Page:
This story originally featured on Working Mother.

Alisha Morris, a theater teacher in Olathe, Kansas, wanted to know how many coronavirus cases were being reported in schools, but as she scoured the internet, she couldn’t find the information all in one spot. So she started keeping track herself.

Now, her database is available on a website hosted by the National Education Association. You can search by state to find a list of confirmed COVID-19 cases at public K-12 schools across the US. The tracker provides the number of known cases and deaths for students, teachers, and administrators, as well as a link to a news story where the information originated.

Morris began keeping tabs of the confirmed cases she stumbled across online on August 6. “I put in the words ‘school, positive,'” she told NPR’s Morning Edition. “I clicked on the news tab and would search the articles from the past week or the past 24 hours and then I would input those articles into my spreadsheet.”

After she made her database public, teachers began sharing it, and she started receiving personal anecdotes about cases that hadn’t been covered by the news.

“Based on the anecdotes that people have sent me, there have been tons of schools that have been purposely trying to keep this on the down low,” Morris told NPR. “They will tell the close contacts and maybe the staff, but then they won’t publicize it any further than that. So a lot of the submissions I received were screenshots of staff emails or parent emails telling about the case. But then when I went to go find an article about it, there wasn’t anything about it.”

At first, she wasn’t sure if she should include those cases in her spreadsheet, because they weren’t verified by a news organization. But in the end, she decided to add a section for “possible” outbreaks. That section is included on the NEA spreadsheets, and there’s a link to report COVID-19 cases, although you must have a verifying source. “Examples of verifying sources include news articles and district websites/press releases,” the site states. “Only publicly verifiable information is published in our public reports.”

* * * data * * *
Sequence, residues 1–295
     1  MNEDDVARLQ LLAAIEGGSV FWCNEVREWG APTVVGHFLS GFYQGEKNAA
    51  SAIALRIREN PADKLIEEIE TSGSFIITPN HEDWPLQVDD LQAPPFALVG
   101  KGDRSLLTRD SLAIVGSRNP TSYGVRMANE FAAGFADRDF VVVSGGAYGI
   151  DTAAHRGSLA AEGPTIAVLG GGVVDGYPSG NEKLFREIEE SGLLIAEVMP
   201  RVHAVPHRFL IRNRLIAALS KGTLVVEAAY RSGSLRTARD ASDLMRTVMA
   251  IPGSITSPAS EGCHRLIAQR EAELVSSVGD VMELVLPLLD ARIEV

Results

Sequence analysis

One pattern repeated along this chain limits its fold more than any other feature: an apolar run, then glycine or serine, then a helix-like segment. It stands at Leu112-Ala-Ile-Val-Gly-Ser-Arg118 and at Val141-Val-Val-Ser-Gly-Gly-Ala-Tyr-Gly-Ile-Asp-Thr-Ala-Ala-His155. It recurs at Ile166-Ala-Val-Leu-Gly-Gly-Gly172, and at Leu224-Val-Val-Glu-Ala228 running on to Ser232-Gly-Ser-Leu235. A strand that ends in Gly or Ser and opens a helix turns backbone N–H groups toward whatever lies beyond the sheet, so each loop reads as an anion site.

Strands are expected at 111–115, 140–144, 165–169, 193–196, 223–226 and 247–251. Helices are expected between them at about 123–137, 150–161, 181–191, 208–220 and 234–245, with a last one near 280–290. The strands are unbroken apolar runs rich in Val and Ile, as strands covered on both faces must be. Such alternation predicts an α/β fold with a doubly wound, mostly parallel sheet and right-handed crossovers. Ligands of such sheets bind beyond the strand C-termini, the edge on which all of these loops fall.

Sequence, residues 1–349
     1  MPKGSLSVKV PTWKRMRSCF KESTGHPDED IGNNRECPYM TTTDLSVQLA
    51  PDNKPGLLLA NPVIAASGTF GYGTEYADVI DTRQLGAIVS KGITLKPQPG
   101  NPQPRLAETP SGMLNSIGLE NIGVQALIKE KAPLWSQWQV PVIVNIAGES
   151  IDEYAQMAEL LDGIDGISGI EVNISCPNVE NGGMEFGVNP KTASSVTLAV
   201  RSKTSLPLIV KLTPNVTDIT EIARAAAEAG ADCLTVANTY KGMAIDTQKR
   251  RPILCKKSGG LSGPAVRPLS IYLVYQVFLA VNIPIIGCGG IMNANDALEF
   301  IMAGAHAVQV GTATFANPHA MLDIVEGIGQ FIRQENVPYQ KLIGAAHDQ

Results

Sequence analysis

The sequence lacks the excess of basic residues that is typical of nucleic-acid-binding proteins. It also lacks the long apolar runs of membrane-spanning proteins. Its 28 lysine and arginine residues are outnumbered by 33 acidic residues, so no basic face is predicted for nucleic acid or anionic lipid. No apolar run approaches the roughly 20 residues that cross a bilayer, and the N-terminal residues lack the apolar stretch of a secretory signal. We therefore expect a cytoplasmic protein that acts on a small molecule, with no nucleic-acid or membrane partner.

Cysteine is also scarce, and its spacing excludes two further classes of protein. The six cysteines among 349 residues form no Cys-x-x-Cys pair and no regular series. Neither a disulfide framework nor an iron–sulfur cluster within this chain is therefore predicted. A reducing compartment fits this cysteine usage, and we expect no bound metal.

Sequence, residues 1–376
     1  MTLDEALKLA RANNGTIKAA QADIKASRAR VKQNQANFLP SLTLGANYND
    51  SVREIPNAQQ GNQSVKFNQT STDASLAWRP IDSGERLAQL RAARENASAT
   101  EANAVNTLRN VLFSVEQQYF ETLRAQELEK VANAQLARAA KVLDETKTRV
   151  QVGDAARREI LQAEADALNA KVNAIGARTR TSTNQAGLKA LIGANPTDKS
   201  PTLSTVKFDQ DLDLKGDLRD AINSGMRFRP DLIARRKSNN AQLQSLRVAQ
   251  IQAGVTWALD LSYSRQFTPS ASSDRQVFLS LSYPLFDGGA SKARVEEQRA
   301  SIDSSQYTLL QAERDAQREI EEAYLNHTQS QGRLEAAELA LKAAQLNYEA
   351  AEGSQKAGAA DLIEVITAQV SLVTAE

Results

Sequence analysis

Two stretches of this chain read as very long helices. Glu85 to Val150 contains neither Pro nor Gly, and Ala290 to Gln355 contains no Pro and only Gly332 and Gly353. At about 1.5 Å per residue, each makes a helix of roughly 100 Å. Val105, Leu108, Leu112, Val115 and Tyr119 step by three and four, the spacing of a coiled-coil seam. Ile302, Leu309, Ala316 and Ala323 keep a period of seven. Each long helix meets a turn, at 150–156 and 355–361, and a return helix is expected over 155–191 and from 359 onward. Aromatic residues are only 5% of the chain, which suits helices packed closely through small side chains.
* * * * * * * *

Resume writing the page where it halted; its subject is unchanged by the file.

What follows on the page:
She handed the project over on August 23 to the NEA, where a team will keep the information up to date. By then, she and volunteers working with her had recorded nearly 4,300 cases at more than 1,000 schools. Florida schools had the most cases, followed by Texas and Georgia.

This isn’t the first time a private citizen has started a COVID-19 data collection because no publicly available official information exists: Brown University economist Emily Oster started maintaining a tally on COVID-19 cases at day cares and camps after she couldn’t find national numbers online. “I held off doing this data collection for a long time thinking, surely, someone else will start doing this and do it better,” she told Working Mother in July. “And then they didn’t, and didn’t, and didn’t, and I finally pulled the trigger. But it’s really frustrating that this is how we got to this. It seems like most places are planning to open schools, and yet they really haven’t collected the data that would help them do it safely.”

Now, thanks to the efforts of Morris and Oster, we have a clearer picture of where outbreaks are happening and how much they’re impacting kids and staff—information parents desperately need to make fully informed decisions about how to handle work and childcare this fall.